One size bigstock Happy group of senior people a 102686000 scaled

Just as in your 40’s and 50’s, where you see different people in different states of health, the same goes for those in their 70’s, 80’s and upwards. Some of us are still in good health, living much the same as we always did. Others are not doing so well, have multiple diseases and have been forced to live a different lifestyle. With all of the advice out there for seniors, which of it fits us?

For example, Mary, recently retired, started volunteering at a hospital. She knew that staying in touch and staying social was good for her as she aged. As the weeks went by, Mary became jittery and anxious and didn’t look forward to her time spent helping at her local hospital. She made an appointment with her family physician, worried that there was something seriously wrong with her.

Mary’s doctor asked her if anything in her life had changed recently. Mary said that she had started volunteering, that she knew having an active social life was an important part of being healthy. The doctor explained that if she was used to leading a fairly quiet life and had never liked group activities, that volunteering in a hospital may not be for her.

How can you be social and healthy when you tend to be an introvert? Mary’s doctor advised that she join some online groups or possibly volunteer for a helpline where she could work from her home on the telephone. That way she could still be involved, help others and help herself. For Mary, it was the perfect solution.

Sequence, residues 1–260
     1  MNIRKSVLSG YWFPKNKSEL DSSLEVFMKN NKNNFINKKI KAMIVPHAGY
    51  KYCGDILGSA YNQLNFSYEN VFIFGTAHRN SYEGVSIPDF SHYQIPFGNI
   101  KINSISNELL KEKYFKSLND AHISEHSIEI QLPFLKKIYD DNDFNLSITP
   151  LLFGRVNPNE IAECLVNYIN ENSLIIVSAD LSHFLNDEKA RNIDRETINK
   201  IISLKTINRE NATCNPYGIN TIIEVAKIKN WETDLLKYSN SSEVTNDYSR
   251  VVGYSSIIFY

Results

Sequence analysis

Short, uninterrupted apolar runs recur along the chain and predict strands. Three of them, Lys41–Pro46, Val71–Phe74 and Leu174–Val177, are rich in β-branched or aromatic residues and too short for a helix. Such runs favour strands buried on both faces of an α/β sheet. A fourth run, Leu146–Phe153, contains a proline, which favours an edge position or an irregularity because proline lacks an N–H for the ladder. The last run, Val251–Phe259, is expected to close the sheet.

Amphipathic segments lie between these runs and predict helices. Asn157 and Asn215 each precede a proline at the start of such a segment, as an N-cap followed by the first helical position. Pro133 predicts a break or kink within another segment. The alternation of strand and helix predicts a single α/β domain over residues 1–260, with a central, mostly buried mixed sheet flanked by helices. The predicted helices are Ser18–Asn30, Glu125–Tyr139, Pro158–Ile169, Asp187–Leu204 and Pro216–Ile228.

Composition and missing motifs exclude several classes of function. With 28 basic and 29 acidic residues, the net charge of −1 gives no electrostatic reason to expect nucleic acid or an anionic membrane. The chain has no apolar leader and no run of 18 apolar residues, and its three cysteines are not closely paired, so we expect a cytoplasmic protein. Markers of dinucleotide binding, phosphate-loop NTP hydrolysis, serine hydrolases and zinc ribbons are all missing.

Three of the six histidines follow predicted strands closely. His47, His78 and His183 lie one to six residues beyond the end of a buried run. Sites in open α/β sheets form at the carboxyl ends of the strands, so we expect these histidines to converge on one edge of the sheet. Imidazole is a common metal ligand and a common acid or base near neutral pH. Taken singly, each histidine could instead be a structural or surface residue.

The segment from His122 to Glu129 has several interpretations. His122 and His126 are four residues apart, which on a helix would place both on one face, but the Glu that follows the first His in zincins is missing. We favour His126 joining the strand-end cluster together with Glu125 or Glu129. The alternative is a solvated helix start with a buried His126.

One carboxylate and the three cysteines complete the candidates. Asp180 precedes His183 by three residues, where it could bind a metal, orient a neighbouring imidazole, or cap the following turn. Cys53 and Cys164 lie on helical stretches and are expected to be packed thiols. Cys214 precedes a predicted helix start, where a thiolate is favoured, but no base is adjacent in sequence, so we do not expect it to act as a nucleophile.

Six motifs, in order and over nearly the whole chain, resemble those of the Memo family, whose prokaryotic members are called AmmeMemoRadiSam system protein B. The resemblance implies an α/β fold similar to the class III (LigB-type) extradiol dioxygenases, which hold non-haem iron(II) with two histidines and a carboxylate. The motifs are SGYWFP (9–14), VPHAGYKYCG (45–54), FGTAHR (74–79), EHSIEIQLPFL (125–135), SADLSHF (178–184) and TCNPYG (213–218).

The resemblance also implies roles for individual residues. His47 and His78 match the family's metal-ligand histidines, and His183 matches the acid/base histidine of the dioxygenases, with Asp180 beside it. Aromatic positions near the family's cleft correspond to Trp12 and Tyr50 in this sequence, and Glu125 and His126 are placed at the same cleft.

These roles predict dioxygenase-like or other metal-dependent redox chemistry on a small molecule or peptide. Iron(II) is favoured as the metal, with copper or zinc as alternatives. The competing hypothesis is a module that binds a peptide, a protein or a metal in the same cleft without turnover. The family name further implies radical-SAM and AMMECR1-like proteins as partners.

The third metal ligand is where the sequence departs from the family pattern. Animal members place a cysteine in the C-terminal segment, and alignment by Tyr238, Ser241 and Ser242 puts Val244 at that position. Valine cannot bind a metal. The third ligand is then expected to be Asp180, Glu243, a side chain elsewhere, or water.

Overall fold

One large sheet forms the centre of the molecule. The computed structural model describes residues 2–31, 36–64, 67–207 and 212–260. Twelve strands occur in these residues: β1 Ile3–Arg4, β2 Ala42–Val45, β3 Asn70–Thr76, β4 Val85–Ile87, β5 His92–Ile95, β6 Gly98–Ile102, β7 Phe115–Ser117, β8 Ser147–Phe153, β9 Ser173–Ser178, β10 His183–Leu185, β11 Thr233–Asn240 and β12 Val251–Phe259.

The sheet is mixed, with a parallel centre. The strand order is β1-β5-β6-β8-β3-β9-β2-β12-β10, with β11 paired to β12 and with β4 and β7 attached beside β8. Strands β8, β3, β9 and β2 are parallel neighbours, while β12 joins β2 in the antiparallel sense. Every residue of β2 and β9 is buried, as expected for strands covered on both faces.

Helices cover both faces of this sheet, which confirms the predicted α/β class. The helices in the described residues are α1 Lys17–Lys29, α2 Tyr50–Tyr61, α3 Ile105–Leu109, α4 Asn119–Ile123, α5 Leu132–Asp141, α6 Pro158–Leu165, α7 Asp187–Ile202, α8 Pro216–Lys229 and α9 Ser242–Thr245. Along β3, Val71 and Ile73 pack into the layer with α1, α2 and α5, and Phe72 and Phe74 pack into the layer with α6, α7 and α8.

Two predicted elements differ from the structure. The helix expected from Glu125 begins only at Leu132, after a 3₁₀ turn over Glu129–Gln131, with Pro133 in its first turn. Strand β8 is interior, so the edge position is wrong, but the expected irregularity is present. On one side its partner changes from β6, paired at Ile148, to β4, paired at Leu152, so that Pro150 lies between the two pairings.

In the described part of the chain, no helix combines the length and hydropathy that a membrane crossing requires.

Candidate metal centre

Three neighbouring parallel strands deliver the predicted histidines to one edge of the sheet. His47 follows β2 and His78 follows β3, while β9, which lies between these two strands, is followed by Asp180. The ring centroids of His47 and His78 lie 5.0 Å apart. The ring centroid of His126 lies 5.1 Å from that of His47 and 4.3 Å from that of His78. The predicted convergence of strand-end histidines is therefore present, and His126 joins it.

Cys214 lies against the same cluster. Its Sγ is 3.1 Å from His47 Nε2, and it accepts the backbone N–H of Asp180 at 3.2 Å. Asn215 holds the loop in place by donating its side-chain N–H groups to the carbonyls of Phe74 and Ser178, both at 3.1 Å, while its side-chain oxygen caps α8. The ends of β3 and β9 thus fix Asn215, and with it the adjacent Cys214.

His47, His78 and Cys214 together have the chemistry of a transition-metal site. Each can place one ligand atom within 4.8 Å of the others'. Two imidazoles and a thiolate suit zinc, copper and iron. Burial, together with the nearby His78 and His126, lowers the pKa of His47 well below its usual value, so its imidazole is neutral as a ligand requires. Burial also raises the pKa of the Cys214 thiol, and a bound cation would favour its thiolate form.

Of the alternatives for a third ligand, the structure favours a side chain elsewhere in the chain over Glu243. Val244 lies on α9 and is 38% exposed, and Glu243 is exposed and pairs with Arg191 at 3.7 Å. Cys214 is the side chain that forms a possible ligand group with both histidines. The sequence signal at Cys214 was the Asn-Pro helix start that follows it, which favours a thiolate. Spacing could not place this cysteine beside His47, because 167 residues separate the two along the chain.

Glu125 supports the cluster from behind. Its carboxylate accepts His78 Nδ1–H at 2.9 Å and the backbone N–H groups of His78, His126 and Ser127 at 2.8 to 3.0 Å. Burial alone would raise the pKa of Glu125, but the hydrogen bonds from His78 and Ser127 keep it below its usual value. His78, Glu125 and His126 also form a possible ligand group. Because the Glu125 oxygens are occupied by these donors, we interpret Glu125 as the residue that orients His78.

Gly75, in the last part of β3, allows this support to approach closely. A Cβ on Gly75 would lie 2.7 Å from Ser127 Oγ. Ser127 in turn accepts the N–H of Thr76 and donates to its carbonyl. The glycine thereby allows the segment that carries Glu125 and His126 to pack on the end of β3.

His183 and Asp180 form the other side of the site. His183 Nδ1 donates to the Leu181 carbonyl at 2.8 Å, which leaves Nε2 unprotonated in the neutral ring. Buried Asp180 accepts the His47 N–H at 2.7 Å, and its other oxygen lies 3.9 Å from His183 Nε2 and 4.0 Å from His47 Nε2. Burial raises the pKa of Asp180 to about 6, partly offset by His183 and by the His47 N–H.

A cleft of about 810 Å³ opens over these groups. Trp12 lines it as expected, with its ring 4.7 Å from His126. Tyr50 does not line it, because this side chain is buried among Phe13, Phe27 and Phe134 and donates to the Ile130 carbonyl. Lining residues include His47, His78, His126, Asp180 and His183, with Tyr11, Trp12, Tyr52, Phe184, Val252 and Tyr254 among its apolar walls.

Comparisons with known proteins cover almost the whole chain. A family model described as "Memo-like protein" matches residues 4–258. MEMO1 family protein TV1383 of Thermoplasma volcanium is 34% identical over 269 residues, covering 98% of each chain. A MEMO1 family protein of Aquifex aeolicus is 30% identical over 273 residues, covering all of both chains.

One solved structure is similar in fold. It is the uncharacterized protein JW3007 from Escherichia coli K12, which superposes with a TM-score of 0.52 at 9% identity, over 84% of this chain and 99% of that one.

In what other ways does the one size fits all approach not work as you age?

  • Many doctors tend to prescribe the same medications, at the same dose, to most patients. As we age, we need to be careful of how medications interact with one another and past the age of seventy should be on as few medications as possible.
  • Many seniors do not fall into the groups we think of the most – wealthy or poor. A lot of seniors fall somewhere in the middle and because of that are not the big spenders that some companies would like us to think seniors should be. Don’t get pushed into thinking that since some of your friends with a larger income are buying this or that, that you should be doing the same. On the other end of the spectrum seniors are not all wishing to move in with their children because they can’t afford to live alone. Many are living alone for the first time in their lives and loving it!
  • Seniors are not all frail and focused on the past. Many seniors are robust, interesting and still trying out new things. They write books, perform in symphonies, run marathons and a long list of other things. Yes, some are not doing so well as their counterparts but seniors are as varied as anyone else.
  • Not all seniors view themselves as old. Though there are some who put forth the image of being unable to do things and worn out, other seniors feel the same as they did decades before and are always surprised when they remember their age marks them as “old people”.
  • Seniors are ruining the health care system. This is far from true as the majority of those visiting the emergency departments are under 65. Many seniors are in very good health and have more time as they age to ensure they stay that way!

Remember, you are as unique as you ever were. Don’t let others tell you that because you’re a certain age, you have to do things a certain way, behave in a specific manner or give up on everything that’s fun. You owe it to yourself to enjoy your years as a senior, be as different as you’d like to be and live your life to its fullest!